Context: In this work Wordsworth makes his most notable departure from his resolution not to use abstractions as the material for poetry. Under the name of "stern daughter of the voice of God" he addresses Duty, which he says is a light to guide human beings and a rod to correct and reprove them when they err; it is a calming force. There are some people who customarily do what they should do without the need for any form of compulsion, but there are others who need the discipline of duty. Our days will be serene and bright when we all do what we should, but now we need a firm support. The poet himself has not been overly addicted to performing his duty; he has lived at liberty and has been his own guide, but he feels that too much liberty is oppressive and so feels that he will be happier if he lives a more strictly regimented life than in the past. Toward the end of the poem he equates duty with natural law: "Thou dost preserve the stars from wrong; /And the most ancient heavens, through Thee, are fresh and strong." But he calls Duty to a humbler function, that is, regulating his own private life.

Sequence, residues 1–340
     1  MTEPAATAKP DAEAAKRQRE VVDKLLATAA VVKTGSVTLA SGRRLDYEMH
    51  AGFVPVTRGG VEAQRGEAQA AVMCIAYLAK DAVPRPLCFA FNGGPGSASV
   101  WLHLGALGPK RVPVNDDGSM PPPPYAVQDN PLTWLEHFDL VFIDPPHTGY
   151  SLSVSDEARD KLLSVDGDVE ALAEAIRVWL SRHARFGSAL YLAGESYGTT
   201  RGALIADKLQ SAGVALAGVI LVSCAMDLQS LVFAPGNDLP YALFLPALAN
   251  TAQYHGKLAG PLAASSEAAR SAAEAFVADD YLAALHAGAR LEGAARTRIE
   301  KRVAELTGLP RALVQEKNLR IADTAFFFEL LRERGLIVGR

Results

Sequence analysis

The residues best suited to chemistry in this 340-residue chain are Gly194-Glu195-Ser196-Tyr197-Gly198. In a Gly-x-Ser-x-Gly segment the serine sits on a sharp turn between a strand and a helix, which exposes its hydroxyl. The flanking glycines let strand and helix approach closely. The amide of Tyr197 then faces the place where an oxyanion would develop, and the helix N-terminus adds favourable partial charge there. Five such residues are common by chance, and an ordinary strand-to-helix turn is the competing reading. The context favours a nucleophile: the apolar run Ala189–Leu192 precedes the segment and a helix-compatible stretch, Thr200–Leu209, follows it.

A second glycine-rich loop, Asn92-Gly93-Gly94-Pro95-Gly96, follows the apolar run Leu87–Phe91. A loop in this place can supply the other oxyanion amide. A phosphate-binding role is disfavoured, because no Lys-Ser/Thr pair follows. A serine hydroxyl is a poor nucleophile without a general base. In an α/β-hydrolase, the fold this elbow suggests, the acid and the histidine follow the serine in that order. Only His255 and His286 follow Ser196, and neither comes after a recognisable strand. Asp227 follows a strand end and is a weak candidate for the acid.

Stern Daughter of the Voice of God!O Duty! if that name thou loveWho art a light to guide, a rodTo check the erring, and reprove;Thou, who art victory and lawWhen empty terrors overawe;From vain temptations dost set free;And calm'st the weary strife of frail humanity!There are who ask not if thine eyeBe on them; who, in love and truth,Where no misgiving is, relyUpon the genial sense of youth;Glad Hearts! without reproach or blot;Who do thy work, and know it not:Oh! if through confidence misplacedThey fail, thy saving arms, dread Power! around them cast.